The assembler directives do not emit machine language but, as the name indicates,
direct the assembler to perform certain operations only during the assembly process.
Here are a number of directives that we shall discuss.
CSECT Identifies the start or continuation of a control section.
DSECT Identifies the start or continuation of a dummy control
section, which is used to pass data to subroutines.
EJECT Start a new page before continuing the assembler listing.
END End of the assembler module or control section.
EQU Equate a symbol to a name or number.
LTORG Begin the literal pool.
PRINT Sets some options for the assembly listing.
SPACE Provides for line spacing in the assembler listing.
START Define the start of the first control section in a program.
TITLE Provide a title at the top of each page of assembler listing.
USING Indicates the base registers to use in addressing.
By definition, a control section (CSECT), is “a block of coding that can be relocated
(independent of other coding) without altering the operating logic of the program.”*
Every program to be executed must have at least one control section.
If the program has only one control section, as is usually the case, we may begin it
with either a CSECT or START directive.
According to Abel, a START directive “defines the start of the first control section
in a program”**, though he occasionally contradicts himself.
We shall later discuss reasons why a program might need more than one control
section. In this case, it is probably best to use only the CSECT directive.
* The definition is taken from page 109 of Programming Assembler Language by
Peter Abel, 3rd Edition, ISBN 0 – 13 –728924 – 3. The segment in quotes is taken
directly from Abel, who also has it in quotes. The source is some IBM document.
** Abel, page 577. But see page 40. Abel has trouble giving a definition.
A DSECT (Dummy Section) is used to describe a data area without actually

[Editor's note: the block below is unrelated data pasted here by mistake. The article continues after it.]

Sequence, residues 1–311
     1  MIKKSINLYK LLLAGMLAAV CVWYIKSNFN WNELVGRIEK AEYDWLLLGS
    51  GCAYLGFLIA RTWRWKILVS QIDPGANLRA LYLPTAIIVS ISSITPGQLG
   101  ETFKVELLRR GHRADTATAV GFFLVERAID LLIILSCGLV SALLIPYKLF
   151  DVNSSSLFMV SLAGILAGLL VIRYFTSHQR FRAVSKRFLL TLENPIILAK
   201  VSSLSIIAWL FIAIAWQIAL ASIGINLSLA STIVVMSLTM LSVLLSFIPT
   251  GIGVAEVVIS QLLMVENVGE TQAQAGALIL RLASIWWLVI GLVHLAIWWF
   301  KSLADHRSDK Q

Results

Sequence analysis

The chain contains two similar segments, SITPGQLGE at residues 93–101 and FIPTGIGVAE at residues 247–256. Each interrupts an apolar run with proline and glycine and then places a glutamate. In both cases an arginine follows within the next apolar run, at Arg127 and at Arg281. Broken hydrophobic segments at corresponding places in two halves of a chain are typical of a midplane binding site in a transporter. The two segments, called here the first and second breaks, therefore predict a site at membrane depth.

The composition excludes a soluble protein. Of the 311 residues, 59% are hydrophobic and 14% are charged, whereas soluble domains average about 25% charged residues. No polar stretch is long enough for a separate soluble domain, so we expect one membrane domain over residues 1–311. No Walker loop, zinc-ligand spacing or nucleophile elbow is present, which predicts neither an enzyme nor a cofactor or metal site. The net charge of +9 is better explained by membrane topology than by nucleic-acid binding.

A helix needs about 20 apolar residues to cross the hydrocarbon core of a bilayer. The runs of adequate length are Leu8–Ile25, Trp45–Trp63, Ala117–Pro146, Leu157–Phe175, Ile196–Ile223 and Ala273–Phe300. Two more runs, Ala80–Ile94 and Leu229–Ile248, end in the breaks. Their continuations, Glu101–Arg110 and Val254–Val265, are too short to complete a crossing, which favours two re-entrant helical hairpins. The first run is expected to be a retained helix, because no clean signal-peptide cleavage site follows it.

reserving any storage for it.
This is used to pass arguments from one program to another.
Consider a main program and a subroutine.
The main program will use the standard data definitions to lay out the data.
The subroutine will use a DSECT, with the same structure, in order to
reference the original data.
The calling mechanism will pass the address of the original data.
The subroutine will associate that with its DSECT and use the structure
found in the DSECT to generate proper addresses for the arguments.
We shall discuss Dummy Sections in more detail later.
The END statement must be the last statement of an assembler control section.
The form of the statement is quite simple. It is
So, our first program had the following structure.
Some program statements
Note that it easily could have been the following.
Some program statements
The EQU directive is used to equate a name with an expression, symbolic address,
or number. Whenever this name is used as a symbol, it is replaced.
We might do something, such as the following, which makes the symbol R12 to
be equal to 12, and replaced by that value when the assembler is run.
R12 EQU 12
There are also uses in which symbolic addresses are equated. Consider this example.
PRINT DC CL133’’
P EQU PRINT Each symbol references the same address
One can also use the location counter, denoted by “*”, to set the symbol equal to
the current address. This example sets the symbol RETURN to the current address.
RETURN EQU * BRANCH TO HERE FOR NORMAL RETURN
The Location Counter
As the assembler reads the text of a program, from top to bottom, it establishes
the amount of memory required for each instruction or item of data.
The Location Counter is used to establish the address for each item. Consider
an instruction or data item that requires N bytes for storage.
The action of the assembler can be thought of as follows:
1. The assembler produces the binary machine language equivalent of the
data item or instruction. This bit of machine language is N bytes long.
2. The machine language fragment is stored at address LC (Location Counter).